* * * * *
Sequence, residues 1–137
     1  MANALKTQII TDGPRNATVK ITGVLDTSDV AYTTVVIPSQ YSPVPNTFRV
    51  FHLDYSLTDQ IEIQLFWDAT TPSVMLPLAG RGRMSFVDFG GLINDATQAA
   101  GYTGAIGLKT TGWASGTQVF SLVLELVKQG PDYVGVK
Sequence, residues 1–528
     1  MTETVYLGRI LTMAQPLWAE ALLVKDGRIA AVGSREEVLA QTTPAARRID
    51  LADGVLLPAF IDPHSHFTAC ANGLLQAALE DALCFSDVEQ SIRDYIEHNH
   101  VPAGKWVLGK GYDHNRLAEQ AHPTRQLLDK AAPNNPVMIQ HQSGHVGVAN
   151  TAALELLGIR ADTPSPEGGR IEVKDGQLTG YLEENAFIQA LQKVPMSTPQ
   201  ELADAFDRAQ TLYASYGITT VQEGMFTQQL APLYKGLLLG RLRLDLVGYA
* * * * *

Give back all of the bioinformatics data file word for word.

Sequence, residues 1–137
     1  MANALKTQII TDGPRNATVK ITGVLDTSDV AYTTVVIPSQ YSPVPNTFRV
    51  FHLDYSLTDQ IEIQLFWDAT TPSVMLPLAG RGRMSFVDFG GLINDATQAA
   101  GYTGAIGLKT TGWASGTQVF SLVLELVKQG PDYVGVK
Sequence, residues 1–528
     1  MTETVYLGRI LTMAQPLWAE ALLVKDGRIA AVGSREEVLA QTTPAARRID
    51  LADGVLLPAF IDPHSHFTAC ANGLLQAALE DALCFSDVEQ SIRDYIEHNH
   101  VPAGKWVLGK GYDHNRLAEQ AHPTRQLLDK AAPNNPVMIQ HQSGHVGVAN
   151  TAALELLGIR ADTPSPEGGR IEVKDGQLTG YLEENAFIQA LQKVPMSTPQ
   201  ELADAFDRAQ TLYASYGITT VQEGMFTQQL APLYKGLLLG RLRLDLVGYA